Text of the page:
"It raises the question as to who is the villain now and what credibility have the roundtable advocates in their message that wheat growers have never had it so good.
"I also repeat, if AWB Limited services are so good, who would be silly enough to go elsewhere, and should Government legislate to protect them from their own foolishness?
"I will monitor progress but I am not diverted from the need for AWB Limited's operations to face the full scrutiny of a grower influenced WEA board through the export licensing process.
"Such a change does not prevent AWB Limited from supplying all the services it does today, and any change would be its decision.
"For instance any restriction on its pool operation would supply direct grain to other operators and thus improve their case for export permits which AWB could not prevent."
WAFarmers grains section president Ray Marshall said the decision was a positive step and one the majority of growers in WA had been calling for.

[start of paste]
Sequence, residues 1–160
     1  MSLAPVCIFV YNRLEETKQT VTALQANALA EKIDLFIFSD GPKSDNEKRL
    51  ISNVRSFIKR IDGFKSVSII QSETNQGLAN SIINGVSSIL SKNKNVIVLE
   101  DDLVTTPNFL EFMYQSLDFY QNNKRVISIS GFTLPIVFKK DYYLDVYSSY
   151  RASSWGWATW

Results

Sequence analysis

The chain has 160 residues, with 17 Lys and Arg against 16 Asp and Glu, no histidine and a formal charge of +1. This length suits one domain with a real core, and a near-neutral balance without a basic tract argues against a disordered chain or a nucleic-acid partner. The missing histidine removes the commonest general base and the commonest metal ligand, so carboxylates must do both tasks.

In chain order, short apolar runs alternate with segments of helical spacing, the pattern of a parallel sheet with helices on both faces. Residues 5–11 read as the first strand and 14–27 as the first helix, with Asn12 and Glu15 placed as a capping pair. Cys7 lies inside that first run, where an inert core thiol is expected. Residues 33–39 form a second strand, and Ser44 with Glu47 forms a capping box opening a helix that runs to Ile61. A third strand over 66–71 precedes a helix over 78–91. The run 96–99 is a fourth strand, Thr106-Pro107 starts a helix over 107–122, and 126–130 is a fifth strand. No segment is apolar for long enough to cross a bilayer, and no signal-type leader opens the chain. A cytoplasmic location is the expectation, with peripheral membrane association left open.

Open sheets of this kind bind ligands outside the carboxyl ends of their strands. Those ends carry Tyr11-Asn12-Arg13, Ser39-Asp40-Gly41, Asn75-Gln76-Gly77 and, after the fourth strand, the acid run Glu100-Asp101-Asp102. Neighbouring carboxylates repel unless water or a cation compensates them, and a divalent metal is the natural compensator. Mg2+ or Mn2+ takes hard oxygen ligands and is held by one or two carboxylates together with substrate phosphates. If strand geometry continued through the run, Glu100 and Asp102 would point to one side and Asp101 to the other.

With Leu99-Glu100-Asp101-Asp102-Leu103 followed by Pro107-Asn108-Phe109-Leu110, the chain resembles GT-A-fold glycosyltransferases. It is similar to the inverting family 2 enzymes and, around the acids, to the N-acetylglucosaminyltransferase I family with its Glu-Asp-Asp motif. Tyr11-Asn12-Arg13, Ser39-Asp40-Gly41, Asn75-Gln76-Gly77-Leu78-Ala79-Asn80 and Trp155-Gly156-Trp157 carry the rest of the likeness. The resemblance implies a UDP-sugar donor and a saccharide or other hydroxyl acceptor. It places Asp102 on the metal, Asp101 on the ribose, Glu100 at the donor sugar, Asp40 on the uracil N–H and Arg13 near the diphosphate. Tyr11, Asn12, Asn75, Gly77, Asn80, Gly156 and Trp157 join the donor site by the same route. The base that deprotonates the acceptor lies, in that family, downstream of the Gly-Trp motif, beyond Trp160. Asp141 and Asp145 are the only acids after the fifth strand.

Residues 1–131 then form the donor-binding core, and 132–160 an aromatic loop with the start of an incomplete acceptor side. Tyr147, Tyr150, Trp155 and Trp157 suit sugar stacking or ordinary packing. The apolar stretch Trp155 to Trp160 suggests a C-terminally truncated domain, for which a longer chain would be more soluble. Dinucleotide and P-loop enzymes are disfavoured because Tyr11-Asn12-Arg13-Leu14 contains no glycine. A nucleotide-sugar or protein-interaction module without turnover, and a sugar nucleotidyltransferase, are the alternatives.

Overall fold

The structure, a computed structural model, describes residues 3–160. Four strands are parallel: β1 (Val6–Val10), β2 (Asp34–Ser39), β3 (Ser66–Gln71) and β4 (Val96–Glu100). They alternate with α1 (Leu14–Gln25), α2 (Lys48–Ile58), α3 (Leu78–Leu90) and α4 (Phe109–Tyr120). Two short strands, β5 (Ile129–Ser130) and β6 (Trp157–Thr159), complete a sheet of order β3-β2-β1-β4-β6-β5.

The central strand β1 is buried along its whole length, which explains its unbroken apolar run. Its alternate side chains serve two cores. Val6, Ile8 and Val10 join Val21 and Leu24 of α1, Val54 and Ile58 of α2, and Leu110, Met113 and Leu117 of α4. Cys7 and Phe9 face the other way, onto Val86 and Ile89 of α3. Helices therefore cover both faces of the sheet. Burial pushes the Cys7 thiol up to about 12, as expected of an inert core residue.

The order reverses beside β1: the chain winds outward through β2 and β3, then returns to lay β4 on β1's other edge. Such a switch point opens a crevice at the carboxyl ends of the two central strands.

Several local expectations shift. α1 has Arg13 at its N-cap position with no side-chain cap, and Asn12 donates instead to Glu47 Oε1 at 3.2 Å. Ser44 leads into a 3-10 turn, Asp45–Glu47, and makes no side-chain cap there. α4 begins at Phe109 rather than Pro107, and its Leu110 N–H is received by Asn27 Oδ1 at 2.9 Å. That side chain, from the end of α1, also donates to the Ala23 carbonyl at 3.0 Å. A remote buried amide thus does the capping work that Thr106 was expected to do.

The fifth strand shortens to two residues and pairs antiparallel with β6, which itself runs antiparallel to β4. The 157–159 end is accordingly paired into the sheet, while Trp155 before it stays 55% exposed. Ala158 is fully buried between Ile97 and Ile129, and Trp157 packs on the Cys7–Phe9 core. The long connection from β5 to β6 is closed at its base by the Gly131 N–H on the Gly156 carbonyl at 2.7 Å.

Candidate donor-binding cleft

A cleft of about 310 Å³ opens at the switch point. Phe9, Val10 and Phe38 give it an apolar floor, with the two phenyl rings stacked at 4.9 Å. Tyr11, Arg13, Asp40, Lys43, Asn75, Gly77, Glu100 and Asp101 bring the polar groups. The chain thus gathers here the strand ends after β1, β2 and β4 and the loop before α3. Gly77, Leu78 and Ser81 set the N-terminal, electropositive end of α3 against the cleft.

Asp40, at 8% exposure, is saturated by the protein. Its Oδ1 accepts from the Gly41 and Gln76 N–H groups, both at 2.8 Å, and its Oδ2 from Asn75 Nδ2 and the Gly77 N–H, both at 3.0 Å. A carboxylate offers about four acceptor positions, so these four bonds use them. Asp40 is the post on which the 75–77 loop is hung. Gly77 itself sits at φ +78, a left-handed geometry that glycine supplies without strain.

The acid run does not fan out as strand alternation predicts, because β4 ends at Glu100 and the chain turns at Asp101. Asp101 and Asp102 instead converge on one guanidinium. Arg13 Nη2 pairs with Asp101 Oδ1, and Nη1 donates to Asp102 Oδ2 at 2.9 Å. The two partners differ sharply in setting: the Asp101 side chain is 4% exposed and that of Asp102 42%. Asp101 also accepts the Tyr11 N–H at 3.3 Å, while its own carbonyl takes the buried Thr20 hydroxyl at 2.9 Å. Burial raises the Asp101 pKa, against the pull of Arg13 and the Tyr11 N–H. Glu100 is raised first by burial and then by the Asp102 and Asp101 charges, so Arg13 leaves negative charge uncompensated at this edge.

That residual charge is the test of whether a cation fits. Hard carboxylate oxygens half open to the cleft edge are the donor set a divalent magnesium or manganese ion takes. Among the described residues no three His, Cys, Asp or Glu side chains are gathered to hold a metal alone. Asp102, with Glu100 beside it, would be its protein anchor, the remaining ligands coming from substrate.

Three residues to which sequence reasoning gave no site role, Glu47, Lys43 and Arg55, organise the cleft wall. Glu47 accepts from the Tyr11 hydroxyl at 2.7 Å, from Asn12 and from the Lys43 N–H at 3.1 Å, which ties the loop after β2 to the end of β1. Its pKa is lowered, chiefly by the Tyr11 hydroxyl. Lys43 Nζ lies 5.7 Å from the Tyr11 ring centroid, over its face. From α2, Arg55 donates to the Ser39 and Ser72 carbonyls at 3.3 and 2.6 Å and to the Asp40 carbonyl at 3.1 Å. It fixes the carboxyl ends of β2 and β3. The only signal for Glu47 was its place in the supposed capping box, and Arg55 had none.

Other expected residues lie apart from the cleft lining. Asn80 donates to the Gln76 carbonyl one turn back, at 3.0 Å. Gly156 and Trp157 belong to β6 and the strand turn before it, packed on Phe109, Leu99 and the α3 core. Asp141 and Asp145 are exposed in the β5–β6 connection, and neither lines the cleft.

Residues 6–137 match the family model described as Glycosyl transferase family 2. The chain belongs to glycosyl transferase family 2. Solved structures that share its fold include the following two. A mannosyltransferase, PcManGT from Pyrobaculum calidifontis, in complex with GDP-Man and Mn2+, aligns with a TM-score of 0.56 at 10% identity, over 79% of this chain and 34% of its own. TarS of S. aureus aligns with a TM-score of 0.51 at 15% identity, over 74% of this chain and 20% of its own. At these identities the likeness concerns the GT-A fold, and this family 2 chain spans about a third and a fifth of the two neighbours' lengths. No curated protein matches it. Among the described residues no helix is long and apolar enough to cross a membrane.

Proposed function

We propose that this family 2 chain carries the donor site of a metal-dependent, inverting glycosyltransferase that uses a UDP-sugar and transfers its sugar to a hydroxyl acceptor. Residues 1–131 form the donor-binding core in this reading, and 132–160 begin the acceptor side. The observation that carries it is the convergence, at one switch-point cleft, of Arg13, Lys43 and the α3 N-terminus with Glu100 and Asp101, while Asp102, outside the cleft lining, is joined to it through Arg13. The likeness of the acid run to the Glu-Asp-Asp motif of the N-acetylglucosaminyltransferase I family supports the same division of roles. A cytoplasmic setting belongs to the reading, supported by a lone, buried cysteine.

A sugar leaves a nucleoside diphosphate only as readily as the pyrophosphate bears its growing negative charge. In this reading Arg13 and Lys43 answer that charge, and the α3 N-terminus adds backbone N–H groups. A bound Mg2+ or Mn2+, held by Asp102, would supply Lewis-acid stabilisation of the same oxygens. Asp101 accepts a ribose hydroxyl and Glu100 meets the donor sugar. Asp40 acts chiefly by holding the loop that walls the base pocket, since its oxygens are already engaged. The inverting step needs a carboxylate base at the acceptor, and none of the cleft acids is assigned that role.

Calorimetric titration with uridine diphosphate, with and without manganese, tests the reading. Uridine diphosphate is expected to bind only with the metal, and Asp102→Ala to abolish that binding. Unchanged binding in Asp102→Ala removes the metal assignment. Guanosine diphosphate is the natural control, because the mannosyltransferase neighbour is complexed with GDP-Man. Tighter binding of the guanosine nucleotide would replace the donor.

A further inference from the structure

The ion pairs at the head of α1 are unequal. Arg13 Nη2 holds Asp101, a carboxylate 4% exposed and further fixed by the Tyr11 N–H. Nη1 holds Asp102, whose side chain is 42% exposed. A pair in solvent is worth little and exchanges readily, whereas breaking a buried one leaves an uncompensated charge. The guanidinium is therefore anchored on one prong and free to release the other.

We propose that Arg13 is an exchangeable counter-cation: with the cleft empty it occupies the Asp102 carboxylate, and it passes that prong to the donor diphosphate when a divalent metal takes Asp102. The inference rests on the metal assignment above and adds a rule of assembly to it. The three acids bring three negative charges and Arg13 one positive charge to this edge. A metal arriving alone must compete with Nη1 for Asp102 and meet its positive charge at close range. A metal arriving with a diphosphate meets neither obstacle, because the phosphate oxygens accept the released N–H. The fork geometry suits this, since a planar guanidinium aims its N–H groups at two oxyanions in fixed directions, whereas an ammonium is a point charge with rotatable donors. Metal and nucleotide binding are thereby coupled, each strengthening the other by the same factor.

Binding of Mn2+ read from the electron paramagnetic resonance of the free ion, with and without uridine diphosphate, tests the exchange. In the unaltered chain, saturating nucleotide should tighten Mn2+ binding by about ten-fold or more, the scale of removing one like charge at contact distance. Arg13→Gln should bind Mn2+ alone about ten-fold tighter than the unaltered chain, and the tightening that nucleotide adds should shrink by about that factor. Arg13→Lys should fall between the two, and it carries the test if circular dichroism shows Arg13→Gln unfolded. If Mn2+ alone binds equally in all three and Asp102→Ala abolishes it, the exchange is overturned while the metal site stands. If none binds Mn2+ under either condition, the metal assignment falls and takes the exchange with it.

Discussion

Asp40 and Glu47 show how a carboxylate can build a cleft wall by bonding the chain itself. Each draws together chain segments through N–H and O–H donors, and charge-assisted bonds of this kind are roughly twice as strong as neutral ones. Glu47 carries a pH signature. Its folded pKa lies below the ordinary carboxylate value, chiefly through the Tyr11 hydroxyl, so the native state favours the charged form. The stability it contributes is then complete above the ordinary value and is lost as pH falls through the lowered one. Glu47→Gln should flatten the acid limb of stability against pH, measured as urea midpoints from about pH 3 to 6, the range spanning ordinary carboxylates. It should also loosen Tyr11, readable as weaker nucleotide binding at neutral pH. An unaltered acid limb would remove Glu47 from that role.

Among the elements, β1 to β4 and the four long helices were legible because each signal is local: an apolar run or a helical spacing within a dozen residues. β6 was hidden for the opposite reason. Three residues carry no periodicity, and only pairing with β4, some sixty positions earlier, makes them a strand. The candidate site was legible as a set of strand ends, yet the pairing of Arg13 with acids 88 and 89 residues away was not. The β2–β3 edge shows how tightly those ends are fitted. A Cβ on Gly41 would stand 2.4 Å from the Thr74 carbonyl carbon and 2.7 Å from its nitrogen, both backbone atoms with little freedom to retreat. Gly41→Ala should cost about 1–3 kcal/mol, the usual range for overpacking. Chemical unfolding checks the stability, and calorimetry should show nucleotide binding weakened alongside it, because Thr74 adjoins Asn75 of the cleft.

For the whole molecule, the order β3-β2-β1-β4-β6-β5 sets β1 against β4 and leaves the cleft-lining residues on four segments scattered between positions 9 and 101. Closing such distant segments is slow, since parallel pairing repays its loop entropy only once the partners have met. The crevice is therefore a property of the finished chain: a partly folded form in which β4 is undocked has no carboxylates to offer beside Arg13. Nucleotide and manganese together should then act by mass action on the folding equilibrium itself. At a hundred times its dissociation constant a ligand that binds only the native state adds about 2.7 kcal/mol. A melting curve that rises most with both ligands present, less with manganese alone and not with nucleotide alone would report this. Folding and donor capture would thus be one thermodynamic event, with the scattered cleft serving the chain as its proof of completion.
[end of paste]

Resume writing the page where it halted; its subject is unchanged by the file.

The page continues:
"The recent public meeting in Cunderdin sent a clear message to AWB that growers wanted increased separation between AWB International and AWB Limited and it is encouraging that the company is responding to their concerns," Mr Marshall said.
"WAFarmers has been instrumental in urging AWB to deliver greater separation between AWB and the 'single desk' manager AWBI, in line with the 2004 review.
"This is a good start and a big win for growers and WAFarmers looks forward to seeing further progress to ensure the future of the national single desk".